Emergent Literacy

Does it ever seem to you that you wake up one morning and all of a sudden, your child has grown leaps and bounds? Either they have grown what seems like 3 inches overnight, or somehow just started talking in 3 or 4 word sentences? Whatever the “miracle”, it’s enough to make you stop and say “Whoa!”

As you may have observed, around age 2, your child’s ability to learn and excitement about the world around them just blossoms. Most toddlers begin learning the meanings of about 8 new words a day beginning around 24 months. By age 3, their brains have developed around 1,000 trillion synapses (about twice as many as YOU have!). Between the ages of 3 and 5, your toddler’s vocabulary has the capacity to expand from 900 to 3000 words, or even more! Wowie wow wow! Yes, your child is truly amazing right now and has the world at his fingertips. Take advantage of it and provide opportunities for your little one to continue amazing you! How?

Simple as pumpkin pie on Thanksgiving Day.

Nursery Rhymes Nursery Rhymes are a great way of exposing your child to rhyming words and syllables. Why is rhyming important? It helps children identify smaller words and word families within words … an example might be “out and spout” in the song “Eensy Weensy Spider”. When they learn to read/say/write “out”, it makes learning to read/write “spout” SO much easier due to the fact that they already know more than half of the word! The important part of that process is recognizing the end rhyme in both words.

Letter Knowledge A great way for children to begin learning the alphabet is to teach them the letters of their name! Begin by introducing only the capital letter forms and stick with just naming the letters for now. Before long they’ll be ready to learn the sounds associated with them. Post the letters in their name everywhere! Bathrooms, cabinets, refridgerator, be creative! Further develop letter knowledge by singing the alphabet song, reading alphabet books and PLAYING games associated with the alphabet and beginning sounds.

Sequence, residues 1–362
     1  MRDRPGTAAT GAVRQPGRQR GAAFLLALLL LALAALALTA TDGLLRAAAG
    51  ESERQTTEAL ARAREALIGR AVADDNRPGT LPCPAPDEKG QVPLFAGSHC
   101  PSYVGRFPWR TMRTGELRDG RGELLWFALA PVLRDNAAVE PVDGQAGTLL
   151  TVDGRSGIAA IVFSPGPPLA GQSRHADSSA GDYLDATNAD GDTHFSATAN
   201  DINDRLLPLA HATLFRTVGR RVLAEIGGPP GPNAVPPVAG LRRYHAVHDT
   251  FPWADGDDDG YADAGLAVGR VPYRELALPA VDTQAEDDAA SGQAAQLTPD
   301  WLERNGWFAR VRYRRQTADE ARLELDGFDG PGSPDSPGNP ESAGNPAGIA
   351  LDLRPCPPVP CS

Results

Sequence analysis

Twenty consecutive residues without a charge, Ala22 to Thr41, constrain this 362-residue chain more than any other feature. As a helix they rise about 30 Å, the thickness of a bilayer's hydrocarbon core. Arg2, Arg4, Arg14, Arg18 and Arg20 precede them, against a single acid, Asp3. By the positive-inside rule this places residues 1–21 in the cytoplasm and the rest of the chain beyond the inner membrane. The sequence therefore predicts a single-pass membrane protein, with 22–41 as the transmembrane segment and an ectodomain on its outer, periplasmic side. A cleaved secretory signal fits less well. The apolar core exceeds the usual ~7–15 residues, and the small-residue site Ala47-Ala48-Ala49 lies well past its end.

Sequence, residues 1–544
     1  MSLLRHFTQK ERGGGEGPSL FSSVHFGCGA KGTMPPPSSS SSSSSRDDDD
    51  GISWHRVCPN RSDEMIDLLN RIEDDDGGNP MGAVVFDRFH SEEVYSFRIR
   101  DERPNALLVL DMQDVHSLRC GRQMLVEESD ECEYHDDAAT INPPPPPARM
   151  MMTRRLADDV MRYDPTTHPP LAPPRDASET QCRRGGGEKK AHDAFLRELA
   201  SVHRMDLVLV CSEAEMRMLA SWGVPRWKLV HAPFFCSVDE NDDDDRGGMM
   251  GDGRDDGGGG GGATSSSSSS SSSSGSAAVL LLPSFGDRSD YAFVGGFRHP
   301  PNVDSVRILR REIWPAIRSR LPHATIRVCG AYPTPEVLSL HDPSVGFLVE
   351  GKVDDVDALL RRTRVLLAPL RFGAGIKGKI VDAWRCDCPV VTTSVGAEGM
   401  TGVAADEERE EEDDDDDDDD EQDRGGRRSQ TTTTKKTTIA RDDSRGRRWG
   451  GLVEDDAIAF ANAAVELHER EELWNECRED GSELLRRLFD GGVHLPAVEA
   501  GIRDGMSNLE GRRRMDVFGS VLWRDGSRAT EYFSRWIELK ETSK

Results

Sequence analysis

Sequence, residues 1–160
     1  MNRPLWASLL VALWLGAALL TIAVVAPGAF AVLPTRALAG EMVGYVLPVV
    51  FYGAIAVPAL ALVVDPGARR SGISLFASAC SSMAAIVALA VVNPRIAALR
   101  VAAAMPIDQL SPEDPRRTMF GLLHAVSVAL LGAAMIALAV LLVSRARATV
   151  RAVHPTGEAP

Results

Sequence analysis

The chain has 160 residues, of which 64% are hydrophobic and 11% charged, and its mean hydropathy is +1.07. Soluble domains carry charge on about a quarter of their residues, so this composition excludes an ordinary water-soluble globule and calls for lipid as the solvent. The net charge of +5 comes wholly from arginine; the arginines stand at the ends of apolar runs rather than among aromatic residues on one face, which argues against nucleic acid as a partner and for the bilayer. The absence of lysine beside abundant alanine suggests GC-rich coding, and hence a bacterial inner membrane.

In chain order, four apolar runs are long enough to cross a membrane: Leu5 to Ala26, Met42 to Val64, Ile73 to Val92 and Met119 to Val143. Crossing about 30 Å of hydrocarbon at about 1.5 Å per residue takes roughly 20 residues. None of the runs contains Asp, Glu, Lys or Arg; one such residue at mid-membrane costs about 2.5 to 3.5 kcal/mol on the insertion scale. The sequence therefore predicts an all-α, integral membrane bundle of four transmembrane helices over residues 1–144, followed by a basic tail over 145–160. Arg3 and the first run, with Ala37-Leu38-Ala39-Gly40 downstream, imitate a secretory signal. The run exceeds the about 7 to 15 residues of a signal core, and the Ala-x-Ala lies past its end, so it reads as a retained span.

Print Awareness Help your toddler understand that reading is important! Everywhere you go … in the check out line at the grocery store, at a restaurant, in the car … everywhere you go, READ! Point to the words as you read them, so they see them and understand them and can begin to internalize the fact that words are everywhere and reading is important!

Comprehension It’s essential that your toddler understands the stories being read to them. That is the biggest problem with programs that promise to teach your child how to read. Decoding words isn’t reading, but merely one part of it. As you read, connect pictures to words, ask questions about things that happen as you read, review beginning, middle and ending events! Kinesthetic learners really benefit from having hands-on characters in their hands – either stuffed animals, paper dolls or felt board pieces to work with as you read.

PLAY! Play games with your little one … laughing together is always wonderful for bonding between mom and babe … and you can always include a learning opportunity with every game. Play games like “Simon Says” to develop listening skills. Develop a strong dress-up wardrobe from yard sales, thrift stores, or clearance costumes after Halloween! Dig into those delightful outfits with your toddler and create a wonderful memory over a tea party or a sheriff show-down!

During this time in your child’s life, the most important gift you can give him is your time. It’s been said that YOU are your child’s favorite toy! What can be a better combination than his favorite “toy” and his favorite book? Take advantage of every opportunity you have with your child … what might seem to be a frivolous nursery rhyme or ridiculous song is actually bringing your child more than you might ever know!

http://www.growupreading.org/toddlers/index.php?section=231

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